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Inlet Talks Live Ad Insertion, Second-Gen Adaptive Streaming

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While I can't speak to the financial results, Inlet Technologies has had a great year PR-wise, seemingly becoming the manufacturer of the most high-profile hardware encoder for Microsoft's Smooth Streaming (think Olympics), one of two hardware providers listed as tested (and presumably functional) for Apple's HTTP Live streaming (think Akamai) and for Flash (think Major League Baseball). With chops like these, maybe some of the diplomats in DC or in the UN should take lessons from senior execs at Inlet.

Speaking of senior execs, I spoke with Matt Smith, Inlet's Senior Director of Systems Architecture, before he left for NAB to learn about the products and technologies that Inlet planned to announce and demonstrate at the show. We recorded our conversation in ooVoo for posterity, and you can see the video at the end of this article. While the video is longish (about 30 minutes), if you hover your cursor over the video playback bar, you'll see tags that let you click directly to different sections.

Live Advertising Insertion
Inlet's most significant recent product announcement related to live advertising insertion technology. Specifically, Inlet's Spinnaker real time encoder will recognize SCTE-35 signaling in the broadcast stream, and then make a call to an advertising server to insert an ad. If the content provider doesn't use the SCTE-35 signal, they can schedule the advertising breaks or enter them manually. Through various partnerships, Inlet is enabling this capability on platforms serving the iPhone/iPad, Silverlight and Flash communities.

Specifically, Inlet is working with mDialog for video advertising insertion into the Apple mobile ecosystem, which includes advertisements delivered via adaptive streaming with geo-targeting, day parting and frequency capping. Inlet partnered with Omneon to provide automated ad insertion capabilities for IP content delivery via the Spectrum broadcast media server, and with Vertigo for advertising insertion into the Silverlight Player.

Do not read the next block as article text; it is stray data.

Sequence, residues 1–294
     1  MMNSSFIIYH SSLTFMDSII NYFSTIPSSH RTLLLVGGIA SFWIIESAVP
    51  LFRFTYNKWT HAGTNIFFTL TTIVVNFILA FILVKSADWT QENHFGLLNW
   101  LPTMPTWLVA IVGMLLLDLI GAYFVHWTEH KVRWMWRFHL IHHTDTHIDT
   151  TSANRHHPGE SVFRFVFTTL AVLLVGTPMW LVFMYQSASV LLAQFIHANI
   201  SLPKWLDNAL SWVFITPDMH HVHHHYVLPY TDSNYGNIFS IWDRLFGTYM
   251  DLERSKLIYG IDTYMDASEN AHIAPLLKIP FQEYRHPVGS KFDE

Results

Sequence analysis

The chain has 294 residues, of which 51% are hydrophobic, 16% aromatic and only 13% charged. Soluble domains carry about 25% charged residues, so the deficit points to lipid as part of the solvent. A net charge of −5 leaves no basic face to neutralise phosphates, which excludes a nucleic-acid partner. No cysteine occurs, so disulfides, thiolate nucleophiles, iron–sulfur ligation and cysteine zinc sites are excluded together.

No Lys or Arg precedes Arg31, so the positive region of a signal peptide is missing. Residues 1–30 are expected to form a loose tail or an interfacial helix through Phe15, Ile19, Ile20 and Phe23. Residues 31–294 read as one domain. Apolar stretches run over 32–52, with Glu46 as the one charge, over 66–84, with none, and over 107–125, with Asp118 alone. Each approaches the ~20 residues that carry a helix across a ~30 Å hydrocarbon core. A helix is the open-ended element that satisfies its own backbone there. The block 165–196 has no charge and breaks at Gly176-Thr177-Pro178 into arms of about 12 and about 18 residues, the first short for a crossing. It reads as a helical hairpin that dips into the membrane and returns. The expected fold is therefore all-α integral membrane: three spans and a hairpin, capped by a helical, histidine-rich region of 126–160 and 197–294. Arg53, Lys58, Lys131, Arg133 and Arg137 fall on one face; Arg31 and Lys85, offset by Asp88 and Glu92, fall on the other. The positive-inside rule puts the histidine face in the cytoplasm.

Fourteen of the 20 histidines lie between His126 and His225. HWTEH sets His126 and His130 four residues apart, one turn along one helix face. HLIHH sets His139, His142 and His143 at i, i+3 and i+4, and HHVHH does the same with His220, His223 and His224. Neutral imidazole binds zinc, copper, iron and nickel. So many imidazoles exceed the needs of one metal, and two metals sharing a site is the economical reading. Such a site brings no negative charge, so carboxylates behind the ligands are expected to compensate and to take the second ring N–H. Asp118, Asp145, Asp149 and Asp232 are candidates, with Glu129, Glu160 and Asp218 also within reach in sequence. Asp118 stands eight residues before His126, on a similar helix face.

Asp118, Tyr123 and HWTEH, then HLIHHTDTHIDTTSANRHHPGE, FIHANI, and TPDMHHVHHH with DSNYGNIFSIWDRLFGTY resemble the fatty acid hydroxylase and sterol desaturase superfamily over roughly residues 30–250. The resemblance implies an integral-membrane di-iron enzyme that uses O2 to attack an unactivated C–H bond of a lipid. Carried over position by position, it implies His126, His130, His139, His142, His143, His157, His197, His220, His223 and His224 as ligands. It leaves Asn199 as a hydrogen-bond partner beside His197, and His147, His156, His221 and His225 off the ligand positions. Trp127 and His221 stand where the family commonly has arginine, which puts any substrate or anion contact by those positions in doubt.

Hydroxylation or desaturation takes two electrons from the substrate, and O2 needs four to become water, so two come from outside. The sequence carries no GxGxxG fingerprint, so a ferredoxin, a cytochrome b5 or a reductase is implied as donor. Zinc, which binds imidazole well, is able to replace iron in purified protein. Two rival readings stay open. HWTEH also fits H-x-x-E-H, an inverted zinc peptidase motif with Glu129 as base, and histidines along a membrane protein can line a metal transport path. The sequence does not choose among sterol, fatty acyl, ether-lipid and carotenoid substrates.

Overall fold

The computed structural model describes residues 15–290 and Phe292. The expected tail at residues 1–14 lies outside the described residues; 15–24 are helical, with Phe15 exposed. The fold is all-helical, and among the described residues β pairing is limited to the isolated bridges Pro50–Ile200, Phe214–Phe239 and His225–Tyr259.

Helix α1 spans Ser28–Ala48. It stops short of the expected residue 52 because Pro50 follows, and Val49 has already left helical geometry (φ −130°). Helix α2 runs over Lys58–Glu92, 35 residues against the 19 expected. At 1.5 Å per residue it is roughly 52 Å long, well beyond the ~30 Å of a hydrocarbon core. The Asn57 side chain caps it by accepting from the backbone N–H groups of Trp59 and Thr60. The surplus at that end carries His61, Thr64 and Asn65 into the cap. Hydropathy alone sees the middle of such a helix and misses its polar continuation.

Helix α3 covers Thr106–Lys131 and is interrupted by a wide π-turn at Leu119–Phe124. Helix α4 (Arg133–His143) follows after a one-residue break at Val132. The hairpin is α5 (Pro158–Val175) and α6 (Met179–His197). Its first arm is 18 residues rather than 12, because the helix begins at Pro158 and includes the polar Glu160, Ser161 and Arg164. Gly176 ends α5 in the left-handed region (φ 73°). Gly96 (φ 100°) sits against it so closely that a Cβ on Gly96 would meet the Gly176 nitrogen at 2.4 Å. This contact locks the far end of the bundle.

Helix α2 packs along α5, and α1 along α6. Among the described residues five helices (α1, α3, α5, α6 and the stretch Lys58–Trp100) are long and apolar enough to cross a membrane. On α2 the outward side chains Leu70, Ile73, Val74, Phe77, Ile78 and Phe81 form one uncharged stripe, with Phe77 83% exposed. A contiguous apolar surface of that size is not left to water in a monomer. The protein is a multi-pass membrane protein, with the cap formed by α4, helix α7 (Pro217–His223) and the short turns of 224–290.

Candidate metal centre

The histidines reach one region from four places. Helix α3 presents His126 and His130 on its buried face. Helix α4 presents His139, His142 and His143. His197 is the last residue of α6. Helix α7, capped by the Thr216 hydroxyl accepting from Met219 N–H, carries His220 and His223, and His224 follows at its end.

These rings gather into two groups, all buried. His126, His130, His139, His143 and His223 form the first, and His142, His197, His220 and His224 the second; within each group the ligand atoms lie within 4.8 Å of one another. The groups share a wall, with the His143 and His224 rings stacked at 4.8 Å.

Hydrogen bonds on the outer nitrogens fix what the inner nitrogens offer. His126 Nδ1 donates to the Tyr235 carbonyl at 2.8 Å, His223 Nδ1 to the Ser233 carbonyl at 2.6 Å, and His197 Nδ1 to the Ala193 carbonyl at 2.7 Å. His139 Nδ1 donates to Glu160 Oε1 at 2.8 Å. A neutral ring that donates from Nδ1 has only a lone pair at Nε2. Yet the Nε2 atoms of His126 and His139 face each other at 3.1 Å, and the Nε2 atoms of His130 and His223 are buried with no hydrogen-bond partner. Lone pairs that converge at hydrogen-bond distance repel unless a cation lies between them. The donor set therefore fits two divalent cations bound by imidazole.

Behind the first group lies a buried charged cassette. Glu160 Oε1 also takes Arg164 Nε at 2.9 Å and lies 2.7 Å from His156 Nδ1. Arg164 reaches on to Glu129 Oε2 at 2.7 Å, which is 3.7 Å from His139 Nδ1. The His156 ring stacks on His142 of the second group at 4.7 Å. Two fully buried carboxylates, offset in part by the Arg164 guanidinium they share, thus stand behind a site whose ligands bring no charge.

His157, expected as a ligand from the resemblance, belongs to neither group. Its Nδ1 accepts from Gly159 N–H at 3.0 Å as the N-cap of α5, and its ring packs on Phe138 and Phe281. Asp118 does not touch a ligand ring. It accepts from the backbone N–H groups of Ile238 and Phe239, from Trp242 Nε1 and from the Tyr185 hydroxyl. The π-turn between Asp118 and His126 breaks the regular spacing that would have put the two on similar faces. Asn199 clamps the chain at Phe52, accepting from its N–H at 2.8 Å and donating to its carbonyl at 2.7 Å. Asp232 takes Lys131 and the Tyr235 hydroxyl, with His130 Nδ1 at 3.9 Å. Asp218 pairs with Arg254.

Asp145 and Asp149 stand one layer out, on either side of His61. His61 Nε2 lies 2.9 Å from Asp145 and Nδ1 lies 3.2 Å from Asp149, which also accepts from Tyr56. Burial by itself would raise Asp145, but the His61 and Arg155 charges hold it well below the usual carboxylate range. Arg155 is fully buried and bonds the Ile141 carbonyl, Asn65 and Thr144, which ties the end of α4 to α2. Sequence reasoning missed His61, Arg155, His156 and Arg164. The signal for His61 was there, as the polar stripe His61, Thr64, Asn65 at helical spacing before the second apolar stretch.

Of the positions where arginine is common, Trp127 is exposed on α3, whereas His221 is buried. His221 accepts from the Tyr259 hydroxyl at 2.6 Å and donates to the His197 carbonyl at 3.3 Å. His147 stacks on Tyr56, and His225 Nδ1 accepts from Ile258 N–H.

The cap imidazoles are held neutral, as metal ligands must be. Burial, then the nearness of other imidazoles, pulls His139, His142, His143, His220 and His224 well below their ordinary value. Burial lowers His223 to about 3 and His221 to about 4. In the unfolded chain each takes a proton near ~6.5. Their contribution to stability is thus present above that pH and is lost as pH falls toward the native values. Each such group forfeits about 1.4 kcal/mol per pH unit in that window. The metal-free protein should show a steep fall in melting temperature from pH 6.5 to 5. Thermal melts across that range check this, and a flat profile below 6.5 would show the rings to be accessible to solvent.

Overall, Smith felt that automated, live advertising insertion would be a "game changer" because it's the first time advertising insertion has been available for live streaming events. Previously, for televised events, most streaming producers inserted a slate, or showed the announcers sitting around chatting. Now, live event producers can further monetize their streams with pre-, mid-, and post-roll advertisements.

Inlet Spinnaker can now stream live ads to all these devices

Second-Generation Adaptive Streaming
The second major announcement relates to what Inlet is calling Second-Generation Adaptive Streaming. Under the company's taxonomy, producing adaptive streams for Smooth Streaming and HTTP Live streaming was generation one. New in the second generation is adaptive streaming of H.264 for Silverlight and the iPad, and future support for Adobe's new HTTP-based Dynamic Streaming when it's released later in the year.

According to Smith, though Microsoft adopted H.264 in 2008, virtually all live Silverlight broadcasts to date have used the VC-1 codec, and he felt there will be a significant exodus to H.264 now that Spinnaker supports it. Since the world was clearly migrating towards mass H.264 adoption, I wondered if there would be any cross-platform synergy, where a single stream could support both Silverlight and the iPad. Smith said no; all the technologies used slightly different formats, preventing duplicate use, particularly in a live scenario.

Regarding Adobe's HTTP-based Dynamic Streaming, Smith felt that it would work better than Adobe's current RTMP scheme in two use cases: extremely large events that could leverage the web's HTTP caching infrastructure, and also smaller webcasts streamed in HD. He also commented that at least from Spinnaker's perspective, switching over from RTMP-based adaptive streaming to HTTP-based adaptive streaming would be as simple as choosing a different template in the encoder.

Extended Mobile Reach
The other major announcement related to encoding support for the iPad as well as Droid and Blackberry phones. This stems from customer requests to reach platforms other than the iPhone, which Smith called the quest for "ubiquitous mobile." Here, Smith felt that a single stream might be able to serve multiple devices, but noted that Inlet's business was creating the streams, and that their customers would have to parse through the different file formats to determine if and when a single stream might be a match for different devices.

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